28 March 12 | Chad W. Post

As with years past, we’re going to spend the next two weeks highlighting the rest of the 25 titles on the BTBA fiction longlist. We’ll have a variety of guests writing these posts, all of which are centered around the question of “Why This Book Should Win.” Hopefully these are funny, accidental, entertaining, and informative posts that prompt you to read at least a few of these excellent works.

Click here for all past and future posts in this series.

In Red by Magdalena Tulli, translated by Bill Johnston

Language: Polish

Country: Poland
Publisher: Archipelago Books

Why This Book Should Win: Bill Johnston really deserves to win this award. Especially as the only translator with two longlisted titles.

Today’s post is by Sean Bye, an amateur translator of Polish and Russian, and artistic co-director of the Invisible Theatre Company. He is a graduate of the School of Slavonic and East European Studies, where he studied Polish language and literature. He is based in London.

Magdalena Tulli’s In Red tells the story of the tiny, fictional town of Stitchings, in an imaginary region of Poland under Swedish occupation, where it is winter all year round and the sun only rises for an hour or so around lunchtime. The book takes us from the start of the twentieth century through to about the 1930s, as Stitchings is first occupied by the Germans in World War I and then finally in an independent Poland.

In Red toys with the idea of a small town as a world unto itself where nothing ever changes, like the local textile factory, run by generations of identical fathers and sons, all named Sebastian Loom. The story of the book, to the extent that it has one, is of this equilibrium being interrupted. As the book winds its way through the history of Stitchings the town becomes literally unrecognizable, out of nowhere developing a balmy climate and a bustling port. Main characters are born and die practically without comment as the story moves from one character to the next, each of them with their own rich, almost standalone story and most of them coming to a grisly end. One story flows into another following a logic that seems at once natural and inscrutable. The sense of poetic drift is emphasized by the book’s magic realist style. Bullets circle the earth before killing, soldiers are marked for death by small strands of red string that drift from a young woman’s embroidery, and the weathercock on the town hall is tied with a tiny, silver string to a lucky star in the sky.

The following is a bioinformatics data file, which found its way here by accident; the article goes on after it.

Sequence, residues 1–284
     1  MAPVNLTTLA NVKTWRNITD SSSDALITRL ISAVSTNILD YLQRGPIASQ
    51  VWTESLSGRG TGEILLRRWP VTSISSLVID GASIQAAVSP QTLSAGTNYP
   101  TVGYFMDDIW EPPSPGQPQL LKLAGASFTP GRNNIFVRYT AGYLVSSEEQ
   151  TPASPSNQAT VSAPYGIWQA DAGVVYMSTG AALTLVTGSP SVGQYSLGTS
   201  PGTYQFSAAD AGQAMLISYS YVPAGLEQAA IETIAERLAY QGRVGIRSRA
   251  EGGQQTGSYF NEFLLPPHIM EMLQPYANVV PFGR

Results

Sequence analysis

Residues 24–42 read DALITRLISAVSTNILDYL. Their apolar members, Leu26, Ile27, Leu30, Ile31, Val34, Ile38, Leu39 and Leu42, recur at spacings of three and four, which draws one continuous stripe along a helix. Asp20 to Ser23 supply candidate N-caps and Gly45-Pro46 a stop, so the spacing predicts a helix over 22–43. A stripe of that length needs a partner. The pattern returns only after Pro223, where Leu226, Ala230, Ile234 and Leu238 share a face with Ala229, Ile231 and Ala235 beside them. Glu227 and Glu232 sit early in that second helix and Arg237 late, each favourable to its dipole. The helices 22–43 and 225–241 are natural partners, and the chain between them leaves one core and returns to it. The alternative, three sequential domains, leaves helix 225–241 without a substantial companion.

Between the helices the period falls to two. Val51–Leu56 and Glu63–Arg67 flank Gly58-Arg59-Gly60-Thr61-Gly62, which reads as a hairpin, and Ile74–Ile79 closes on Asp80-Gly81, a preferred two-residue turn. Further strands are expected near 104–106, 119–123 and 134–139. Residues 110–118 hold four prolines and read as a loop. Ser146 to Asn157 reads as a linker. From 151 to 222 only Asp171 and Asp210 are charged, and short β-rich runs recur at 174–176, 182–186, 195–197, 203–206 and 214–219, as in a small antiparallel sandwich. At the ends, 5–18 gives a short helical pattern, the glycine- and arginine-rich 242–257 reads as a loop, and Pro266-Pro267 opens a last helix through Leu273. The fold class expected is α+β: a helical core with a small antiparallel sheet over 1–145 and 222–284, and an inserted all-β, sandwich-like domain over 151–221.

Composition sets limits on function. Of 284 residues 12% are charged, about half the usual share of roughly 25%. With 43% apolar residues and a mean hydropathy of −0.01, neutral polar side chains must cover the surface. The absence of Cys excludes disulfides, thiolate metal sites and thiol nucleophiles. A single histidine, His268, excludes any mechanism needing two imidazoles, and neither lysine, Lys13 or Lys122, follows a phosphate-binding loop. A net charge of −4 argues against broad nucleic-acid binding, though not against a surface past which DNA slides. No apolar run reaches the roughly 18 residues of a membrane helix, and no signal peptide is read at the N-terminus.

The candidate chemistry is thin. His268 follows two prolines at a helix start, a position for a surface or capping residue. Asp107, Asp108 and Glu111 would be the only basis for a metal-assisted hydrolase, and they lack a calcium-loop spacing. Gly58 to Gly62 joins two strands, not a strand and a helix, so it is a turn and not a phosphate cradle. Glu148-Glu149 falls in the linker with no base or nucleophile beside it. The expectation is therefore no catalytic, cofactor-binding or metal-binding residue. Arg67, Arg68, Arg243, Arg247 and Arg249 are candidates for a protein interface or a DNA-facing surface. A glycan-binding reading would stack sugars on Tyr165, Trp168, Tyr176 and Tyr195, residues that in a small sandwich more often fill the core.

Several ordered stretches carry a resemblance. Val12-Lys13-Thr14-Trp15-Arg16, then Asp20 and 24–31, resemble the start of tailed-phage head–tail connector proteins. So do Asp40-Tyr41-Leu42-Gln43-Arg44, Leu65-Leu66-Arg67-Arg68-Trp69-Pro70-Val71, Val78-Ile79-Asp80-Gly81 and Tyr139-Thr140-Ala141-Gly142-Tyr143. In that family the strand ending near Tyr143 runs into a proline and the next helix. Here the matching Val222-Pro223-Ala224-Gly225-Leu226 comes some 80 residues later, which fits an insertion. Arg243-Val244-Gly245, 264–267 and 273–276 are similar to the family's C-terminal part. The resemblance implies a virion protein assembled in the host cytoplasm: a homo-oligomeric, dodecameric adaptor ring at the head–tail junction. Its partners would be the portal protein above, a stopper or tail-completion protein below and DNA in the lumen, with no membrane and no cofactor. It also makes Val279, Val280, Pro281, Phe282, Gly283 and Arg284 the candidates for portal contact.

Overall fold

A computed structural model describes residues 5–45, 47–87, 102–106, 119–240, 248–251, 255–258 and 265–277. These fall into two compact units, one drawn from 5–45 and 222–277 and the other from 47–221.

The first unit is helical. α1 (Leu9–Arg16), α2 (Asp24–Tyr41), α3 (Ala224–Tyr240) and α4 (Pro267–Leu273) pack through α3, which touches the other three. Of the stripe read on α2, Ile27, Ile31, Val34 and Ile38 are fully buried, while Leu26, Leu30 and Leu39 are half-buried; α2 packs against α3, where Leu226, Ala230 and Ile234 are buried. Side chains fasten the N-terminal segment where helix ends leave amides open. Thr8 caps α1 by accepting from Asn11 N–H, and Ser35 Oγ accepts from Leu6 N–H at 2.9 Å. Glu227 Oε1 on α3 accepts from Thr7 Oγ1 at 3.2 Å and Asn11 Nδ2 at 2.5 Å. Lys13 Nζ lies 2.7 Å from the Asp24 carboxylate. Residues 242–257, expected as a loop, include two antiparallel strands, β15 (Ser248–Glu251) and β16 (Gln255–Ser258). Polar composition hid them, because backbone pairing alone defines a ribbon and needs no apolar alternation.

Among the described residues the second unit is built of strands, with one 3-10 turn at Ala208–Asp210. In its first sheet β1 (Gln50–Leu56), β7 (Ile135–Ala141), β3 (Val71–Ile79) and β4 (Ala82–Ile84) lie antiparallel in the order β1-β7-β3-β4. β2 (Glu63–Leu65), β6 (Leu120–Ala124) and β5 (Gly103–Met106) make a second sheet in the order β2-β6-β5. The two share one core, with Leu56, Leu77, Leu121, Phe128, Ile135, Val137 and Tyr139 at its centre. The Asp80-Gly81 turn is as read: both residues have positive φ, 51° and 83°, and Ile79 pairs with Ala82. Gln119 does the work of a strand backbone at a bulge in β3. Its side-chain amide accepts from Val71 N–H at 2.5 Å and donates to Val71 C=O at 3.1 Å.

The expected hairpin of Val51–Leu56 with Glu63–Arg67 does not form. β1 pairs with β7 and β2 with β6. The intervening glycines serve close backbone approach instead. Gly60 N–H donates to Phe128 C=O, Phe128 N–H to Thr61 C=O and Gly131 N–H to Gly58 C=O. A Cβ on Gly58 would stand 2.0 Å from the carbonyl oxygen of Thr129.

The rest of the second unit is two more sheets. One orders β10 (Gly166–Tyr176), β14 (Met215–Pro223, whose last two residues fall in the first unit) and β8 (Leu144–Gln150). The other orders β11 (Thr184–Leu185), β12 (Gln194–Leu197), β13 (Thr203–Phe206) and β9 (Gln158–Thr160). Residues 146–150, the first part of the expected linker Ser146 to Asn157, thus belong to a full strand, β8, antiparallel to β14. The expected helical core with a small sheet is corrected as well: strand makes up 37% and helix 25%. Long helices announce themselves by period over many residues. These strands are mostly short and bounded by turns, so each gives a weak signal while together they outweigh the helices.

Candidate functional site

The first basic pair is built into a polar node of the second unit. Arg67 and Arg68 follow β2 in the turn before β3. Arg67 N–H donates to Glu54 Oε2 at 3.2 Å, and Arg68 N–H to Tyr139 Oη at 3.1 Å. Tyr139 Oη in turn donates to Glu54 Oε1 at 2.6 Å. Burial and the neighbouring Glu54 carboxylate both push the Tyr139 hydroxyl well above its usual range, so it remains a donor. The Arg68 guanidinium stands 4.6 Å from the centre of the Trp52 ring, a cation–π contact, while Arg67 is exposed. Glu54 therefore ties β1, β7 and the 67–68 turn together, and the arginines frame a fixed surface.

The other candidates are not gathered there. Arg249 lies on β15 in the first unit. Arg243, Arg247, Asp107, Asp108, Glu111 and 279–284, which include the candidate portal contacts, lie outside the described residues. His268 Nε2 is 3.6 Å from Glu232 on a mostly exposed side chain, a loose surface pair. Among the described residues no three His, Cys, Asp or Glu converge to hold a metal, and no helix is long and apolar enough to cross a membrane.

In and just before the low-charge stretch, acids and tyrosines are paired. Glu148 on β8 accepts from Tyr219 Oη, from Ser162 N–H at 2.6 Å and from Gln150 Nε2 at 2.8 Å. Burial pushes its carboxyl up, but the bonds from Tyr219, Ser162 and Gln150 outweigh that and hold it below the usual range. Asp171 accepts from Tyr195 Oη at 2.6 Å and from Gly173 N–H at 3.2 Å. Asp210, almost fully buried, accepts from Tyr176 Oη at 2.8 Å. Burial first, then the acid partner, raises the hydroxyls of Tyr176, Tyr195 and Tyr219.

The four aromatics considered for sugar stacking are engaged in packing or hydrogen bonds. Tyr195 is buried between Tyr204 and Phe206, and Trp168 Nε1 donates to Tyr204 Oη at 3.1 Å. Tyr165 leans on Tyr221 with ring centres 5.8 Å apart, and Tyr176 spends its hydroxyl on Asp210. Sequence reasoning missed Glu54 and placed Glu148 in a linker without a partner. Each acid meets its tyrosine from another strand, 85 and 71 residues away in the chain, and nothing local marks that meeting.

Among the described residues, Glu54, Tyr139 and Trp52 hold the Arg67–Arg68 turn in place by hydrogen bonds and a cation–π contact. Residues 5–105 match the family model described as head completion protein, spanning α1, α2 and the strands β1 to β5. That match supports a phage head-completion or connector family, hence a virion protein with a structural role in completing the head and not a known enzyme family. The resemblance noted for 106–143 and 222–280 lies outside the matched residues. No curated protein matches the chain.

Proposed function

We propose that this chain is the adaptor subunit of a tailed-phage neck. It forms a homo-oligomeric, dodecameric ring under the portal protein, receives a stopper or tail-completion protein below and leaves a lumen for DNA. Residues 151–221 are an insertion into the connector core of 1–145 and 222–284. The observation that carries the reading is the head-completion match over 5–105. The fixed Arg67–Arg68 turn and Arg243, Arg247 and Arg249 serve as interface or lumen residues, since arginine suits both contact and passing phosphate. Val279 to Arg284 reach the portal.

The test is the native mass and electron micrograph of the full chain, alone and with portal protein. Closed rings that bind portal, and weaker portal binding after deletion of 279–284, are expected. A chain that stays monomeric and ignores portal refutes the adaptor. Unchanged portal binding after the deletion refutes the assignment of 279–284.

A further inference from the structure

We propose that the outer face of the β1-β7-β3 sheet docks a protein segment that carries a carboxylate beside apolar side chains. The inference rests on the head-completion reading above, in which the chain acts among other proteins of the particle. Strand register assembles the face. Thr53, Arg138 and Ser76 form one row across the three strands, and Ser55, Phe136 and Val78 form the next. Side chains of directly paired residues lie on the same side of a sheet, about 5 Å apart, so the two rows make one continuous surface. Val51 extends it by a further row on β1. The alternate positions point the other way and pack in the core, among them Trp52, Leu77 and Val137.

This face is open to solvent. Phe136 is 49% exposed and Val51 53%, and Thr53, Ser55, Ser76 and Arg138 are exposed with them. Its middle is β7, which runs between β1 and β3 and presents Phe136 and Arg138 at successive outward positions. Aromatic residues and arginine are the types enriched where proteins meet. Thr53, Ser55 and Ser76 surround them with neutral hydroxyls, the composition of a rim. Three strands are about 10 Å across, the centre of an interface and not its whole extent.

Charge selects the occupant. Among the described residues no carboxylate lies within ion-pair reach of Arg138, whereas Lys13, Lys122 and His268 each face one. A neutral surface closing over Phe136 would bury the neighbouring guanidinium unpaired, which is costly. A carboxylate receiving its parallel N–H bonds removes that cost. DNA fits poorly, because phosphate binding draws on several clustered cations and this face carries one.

In Red is an intensely visual book, overflowing with rich images and picturesque tableaux that round out the portrait. The reader in the end is left with the feeling of having completed a grand epic in 158 pages, of knowing the town of Stitchings and its people inside and out, a town where the topography of people’s lives is as dark and labrythine as that of its streets. Nothing is ever entirely as it seems in Stitchings, and as the book draws to a close, the reader is left with the feeling that this book may not have been what we first thought it to be, either—a neat little turn that made me eager to come back to it. I read the book with the Polish original in one hand and Bill Johnston’s translation in the other—Johnston works wonders with Tulli’s knotty, complex prose. He is to be commended for bringing this little masterpiece to us in English in such consummate, effortless style.

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